“ You say, “I will look to events in which it will be impossible I can share, and make myself the cause of an effect which will take place ages after I shall have mouldered into dust.' In saying this you run from one extreme to another. I have often had occasion to apply a principle on the subject of education, which is equally applicable here—'Be not easily discouraged; sow the seed, and after a season, and when you least look for it, it will germinate and produce a crop.' I have again and again been hopeless concerning the children with whom I have voluntarily, or by the laws of society, been concerned. Seeds of intellect and knowledge, seeds of moral judgment and conduct, I have sown; but the soil for a long while seemed ungrateful to the tiller's care. It was not so; the happiest operations were going on quietly and unobserved, and at the moment when it was of the most importance, they unfolded themselves to the delight of every beholder.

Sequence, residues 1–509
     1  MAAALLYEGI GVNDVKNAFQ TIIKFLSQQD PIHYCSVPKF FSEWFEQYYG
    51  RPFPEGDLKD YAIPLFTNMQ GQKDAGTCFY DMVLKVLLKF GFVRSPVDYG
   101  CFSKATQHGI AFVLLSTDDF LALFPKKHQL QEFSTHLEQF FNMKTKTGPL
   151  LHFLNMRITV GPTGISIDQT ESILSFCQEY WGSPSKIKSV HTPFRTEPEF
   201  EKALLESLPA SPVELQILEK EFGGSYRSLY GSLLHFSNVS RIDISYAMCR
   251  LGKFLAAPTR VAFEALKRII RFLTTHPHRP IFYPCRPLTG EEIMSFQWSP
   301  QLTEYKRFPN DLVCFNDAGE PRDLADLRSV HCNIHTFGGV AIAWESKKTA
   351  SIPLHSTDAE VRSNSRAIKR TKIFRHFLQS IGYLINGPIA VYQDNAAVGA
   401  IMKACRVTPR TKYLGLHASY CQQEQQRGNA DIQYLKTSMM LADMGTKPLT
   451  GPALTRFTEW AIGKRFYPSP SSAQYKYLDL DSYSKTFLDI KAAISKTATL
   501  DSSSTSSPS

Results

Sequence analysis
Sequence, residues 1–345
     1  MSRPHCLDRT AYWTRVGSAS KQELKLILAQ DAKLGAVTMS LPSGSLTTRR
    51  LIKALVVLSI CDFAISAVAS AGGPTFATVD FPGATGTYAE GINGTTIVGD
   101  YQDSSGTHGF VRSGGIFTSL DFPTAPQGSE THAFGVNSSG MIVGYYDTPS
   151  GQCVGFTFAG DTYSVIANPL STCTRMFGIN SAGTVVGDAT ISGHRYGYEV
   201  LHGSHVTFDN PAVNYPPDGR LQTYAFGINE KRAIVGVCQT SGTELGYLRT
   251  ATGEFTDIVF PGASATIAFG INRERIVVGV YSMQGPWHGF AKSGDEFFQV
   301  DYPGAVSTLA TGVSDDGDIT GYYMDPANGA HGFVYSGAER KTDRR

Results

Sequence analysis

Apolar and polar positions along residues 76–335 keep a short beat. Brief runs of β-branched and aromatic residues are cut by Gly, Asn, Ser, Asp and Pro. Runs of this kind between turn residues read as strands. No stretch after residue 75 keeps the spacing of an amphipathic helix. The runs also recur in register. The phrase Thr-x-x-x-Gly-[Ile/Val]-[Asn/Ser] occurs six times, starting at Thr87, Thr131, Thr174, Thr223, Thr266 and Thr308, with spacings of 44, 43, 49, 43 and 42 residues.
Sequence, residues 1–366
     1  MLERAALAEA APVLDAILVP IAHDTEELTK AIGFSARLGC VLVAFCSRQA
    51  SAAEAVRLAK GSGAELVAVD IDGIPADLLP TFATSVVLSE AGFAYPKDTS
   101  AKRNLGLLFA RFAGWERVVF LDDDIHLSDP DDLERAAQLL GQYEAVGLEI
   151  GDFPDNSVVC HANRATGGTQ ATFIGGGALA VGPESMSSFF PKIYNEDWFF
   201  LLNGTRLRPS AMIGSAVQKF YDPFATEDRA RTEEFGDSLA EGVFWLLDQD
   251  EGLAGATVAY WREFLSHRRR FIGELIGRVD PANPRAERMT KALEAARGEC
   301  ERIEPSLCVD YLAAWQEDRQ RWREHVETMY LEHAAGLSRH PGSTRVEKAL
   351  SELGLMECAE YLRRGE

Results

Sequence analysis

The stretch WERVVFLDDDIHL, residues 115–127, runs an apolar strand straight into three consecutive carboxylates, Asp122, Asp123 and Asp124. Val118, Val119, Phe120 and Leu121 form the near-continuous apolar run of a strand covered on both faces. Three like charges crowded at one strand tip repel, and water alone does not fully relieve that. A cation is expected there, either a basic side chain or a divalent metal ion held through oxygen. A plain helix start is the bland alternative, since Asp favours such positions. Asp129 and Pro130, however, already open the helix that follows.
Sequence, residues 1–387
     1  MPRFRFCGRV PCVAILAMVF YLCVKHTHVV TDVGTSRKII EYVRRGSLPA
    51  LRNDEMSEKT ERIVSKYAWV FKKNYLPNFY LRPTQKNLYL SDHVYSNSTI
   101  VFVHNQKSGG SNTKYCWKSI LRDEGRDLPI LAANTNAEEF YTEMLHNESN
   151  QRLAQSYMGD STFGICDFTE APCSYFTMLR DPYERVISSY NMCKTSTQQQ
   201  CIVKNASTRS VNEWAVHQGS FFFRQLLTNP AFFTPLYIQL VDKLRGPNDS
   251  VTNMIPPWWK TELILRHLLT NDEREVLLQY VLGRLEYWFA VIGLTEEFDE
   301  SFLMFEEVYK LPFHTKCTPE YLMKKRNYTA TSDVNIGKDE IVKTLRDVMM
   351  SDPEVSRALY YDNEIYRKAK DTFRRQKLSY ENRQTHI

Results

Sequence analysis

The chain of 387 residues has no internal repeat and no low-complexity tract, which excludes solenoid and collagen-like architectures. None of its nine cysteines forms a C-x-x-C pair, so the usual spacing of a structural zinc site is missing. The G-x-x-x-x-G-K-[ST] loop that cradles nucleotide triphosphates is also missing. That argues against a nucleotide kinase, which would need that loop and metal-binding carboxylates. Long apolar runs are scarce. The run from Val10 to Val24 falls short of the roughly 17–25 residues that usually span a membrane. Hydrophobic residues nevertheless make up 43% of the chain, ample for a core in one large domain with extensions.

“ These instances of surprise are owing solely to the bluntness of our senses. You find little difference between the men of these islands of Europe now and twenty years ago. If you looked more into these things you would perceive that the alteration is immense. The human race has made larger strides to escape from a state of childhood in these twenty years than perhaps in any hundred years preceding. ..